Coursera Co-Founder Launches Online AI School

Coursera Co-Founder Launches Online AI School

With the rapid advance of AI and machine learning technology, employers need talent with skills and knowledge in this field at a greater rate than university programs are able to churn them out. The imbalance of supply and demand has led to large, rich companies buying up all the AI startups and luring AI professors away from universities with much larger salaries. To address this issue and expand access to AI education, Stanford University professor and Coursera co-founder Andrew Ng has launched a new website, Deeplearning.ai, whose courses “offer coders without an AI background training in how to use deep learning, the technique behind the current frenzy of investment in AI,” Wired’s Tom Simonite reports:

“This sounds naive, but I want us to build a new AI-powered society,” Ng tells WIRED. “The only way to build this is if there are hundreds of thousands of people with the skills to do things like improve the water supply for your city or help resource allocation in developing economies.” Ng’s new courses cost $49 a month and are offered through online-education startup Coursera, which he cofounded in 2012 and where he still sits on the board. …

With his new courses, Ng is offering a solution to a problem he helped create. His prominence comes from work on deep learning at Stanford and Google’s X Labs that helped prove machine learning could do transformational things for businesses. In a 2012 paper, he and coauthors described a system that learned to recognize cats in still images from YouTube without human help. Now there aren’t enough people with machine learning skills to go around.

Ng’s motivation to launch Deeplearning also stems from his sense that people who don’t understand how AI works are afraid of it, which he thinks we shouldn’t be, Daniel Terdiman adds at Fast Company:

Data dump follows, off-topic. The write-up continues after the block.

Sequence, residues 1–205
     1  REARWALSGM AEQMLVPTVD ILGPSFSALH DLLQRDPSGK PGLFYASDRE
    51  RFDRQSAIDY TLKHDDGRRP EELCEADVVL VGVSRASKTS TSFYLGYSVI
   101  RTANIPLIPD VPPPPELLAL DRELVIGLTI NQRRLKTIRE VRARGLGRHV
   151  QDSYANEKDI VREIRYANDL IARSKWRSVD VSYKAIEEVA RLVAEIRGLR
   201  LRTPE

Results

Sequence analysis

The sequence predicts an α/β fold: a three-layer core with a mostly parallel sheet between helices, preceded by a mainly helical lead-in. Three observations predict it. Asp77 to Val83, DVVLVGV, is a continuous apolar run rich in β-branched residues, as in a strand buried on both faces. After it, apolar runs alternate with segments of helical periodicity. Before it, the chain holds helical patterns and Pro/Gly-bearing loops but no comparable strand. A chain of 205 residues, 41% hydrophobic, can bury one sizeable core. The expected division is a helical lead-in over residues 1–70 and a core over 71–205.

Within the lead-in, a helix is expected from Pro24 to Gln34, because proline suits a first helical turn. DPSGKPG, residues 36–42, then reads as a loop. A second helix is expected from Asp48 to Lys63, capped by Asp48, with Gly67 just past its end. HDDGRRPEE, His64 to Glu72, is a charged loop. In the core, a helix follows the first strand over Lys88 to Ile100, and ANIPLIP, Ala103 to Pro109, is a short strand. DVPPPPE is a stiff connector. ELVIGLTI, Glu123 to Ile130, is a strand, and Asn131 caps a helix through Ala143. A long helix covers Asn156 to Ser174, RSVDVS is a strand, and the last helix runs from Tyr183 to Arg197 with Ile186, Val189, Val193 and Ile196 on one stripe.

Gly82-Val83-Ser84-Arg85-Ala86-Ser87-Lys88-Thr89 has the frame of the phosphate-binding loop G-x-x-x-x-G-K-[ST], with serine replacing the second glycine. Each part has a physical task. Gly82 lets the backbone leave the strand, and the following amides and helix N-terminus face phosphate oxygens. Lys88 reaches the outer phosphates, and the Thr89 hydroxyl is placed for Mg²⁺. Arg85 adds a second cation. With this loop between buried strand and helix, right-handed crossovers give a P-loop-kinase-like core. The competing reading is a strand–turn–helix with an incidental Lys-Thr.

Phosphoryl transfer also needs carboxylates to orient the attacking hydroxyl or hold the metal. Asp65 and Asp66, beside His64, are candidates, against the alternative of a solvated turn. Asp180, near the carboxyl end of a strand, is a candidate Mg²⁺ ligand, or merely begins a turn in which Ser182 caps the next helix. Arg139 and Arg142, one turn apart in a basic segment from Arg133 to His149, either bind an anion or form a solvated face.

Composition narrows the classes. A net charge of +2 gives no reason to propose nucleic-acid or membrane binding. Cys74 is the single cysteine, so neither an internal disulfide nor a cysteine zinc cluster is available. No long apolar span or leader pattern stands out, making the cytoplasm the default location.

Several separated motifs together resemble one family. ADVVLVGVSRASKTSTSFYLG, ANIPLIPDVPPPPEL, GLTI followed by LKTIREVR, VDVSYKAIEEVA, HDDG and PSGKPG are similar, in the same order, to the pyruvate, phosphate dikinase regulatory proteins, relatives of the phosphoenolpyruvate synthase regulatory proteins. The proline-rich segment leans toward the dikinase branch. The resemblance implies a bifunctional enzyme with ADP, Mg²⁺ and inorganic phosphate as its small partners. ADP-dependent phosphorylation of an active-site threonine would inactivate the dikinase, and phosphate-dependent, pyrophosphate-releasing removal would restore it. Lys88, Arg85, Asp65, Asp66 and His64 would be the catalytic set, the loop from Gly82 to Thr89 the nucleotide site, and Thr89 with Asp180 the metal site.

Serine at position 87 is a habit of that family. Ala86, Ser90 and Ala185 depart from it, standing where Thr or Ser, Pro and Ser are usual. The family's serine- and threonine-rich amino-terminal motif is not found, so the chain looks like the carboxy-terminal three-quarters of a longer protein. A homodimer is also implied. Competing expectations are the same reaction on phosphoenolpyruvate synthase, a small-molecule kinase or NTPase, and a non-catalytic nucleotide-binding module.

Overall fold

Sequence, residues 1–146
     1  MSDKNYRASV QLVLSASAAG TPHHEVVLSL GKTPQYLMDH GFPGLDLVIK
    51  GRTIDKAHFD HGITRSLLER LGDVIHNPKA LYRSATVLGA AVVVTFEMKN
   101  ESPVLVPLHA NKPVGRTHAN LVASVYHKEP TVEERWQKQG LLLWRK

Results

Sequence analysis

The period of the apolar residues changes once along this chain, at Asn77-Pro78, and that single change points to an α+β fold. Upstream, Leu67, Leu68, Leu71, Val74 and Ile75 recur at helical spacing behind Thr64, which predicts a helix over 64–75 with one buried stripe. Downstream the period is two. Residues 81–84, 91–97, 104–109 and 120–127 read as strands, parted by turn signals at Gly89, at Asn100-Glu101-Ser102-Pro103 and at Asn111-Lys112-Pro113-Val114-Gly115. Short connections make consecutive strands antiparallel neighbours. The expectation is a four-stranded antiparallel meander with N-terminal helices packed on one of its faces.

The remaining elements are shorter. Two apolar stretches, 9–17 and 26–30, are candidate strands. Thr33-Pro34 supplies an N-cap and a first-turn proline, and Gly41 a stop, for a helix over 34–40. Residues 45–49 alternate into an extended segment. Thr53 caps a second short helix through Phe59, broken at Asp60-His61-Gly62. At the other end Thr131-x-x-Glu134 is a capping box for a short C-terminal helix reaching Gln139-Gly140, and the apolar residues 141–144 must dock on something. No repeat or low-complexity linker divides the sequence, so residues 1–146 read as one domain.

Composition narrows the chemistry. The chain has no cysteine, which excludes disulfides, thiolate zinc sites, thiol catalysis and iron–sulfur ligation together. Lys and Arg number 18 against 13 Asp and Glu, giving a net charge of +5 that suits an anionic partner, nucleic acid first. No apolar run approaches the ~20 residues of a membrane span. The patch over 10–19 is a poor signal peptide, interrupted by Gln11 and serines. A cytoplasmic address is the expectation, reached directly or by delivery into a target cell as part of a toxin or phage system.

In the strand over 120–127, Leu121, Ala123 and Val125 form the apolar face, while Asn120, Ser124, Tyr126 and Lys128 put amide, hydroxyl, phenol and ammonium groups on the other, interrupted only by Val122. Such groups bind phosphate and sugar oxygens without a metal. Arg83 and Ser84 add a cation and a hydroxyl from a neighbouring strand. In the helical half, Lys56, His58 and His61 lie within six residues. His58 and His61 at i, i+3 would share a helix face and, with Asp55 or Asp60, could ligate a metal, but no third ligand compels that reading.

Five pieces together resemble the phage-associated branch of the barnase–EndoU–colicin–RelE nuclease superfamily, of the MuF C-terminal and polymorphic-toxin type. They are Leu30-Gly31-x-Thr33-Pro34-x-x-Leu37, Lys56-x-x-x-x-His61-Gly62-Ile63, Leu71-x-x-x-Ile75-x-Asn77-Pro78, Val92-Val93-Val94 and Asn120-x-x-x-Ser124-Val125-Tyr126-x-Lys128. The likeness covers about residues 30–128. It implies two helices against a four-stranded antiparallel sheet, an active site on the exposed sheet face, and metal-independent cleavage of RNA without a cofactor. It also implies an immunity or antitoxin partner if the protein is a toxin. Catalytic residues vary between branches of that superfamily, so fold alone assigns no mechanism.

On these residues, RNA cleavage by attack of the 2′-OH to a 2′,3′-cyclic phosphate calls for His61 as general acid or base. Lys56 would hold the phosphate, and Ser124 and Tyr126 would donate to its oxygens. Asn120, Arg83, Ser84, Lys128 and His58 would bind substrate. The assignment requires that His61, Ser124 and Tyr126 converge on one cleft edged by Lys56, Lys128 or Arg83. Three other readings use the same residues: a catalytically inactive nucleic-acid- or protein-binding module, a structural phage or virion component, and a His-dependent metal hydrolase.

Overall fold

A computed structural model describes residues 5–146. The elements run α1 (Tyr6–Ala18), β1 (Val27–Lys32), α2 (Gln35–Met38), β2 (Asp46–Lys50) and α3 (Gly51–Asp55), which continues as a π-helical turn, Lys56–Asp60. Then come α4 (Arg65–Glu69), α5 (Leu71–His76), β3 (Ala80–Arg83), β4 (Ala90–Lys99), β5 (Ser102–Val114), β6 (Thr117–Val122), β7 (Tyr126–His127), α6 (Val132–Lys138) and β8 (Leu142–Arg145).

On the question of whether AI poses a danger to humanity, Ng is confident that the beneficial outcomes will become clearer as the technology progresses. “There seems to be a negative correlation,” Ng says, “between how much someone knows AI and how afraid they are of it.”

In an interview with Will Knight at the MIT Technology Review, Ng explains that he’s not trying to raise a generation of AI experts, but rather to help prepare the workforce for a future in which AI is fundamental to everything we do:

I don’t think every person on the planet needs to know deep learning. But if AI is the new electricity, look at the number of electrical engineers and electricians there are. There’s a huge workforce that needs to be built up for society to figure out how to do all of the wonderful stuff around us today. So the AI workforce today is so much smaller. …

I’ve sat down with CEOs of very large non-tech companies and we’ve brainstormed ideas for new AI products for their industries, but they don’t have anyone with the deep-learning skill set to build it. If you manage tens of thousands of people and you don’t have an AI group, what can you do? I know some of these CEOs intend to send their existing employees to take this deep-learning specialization.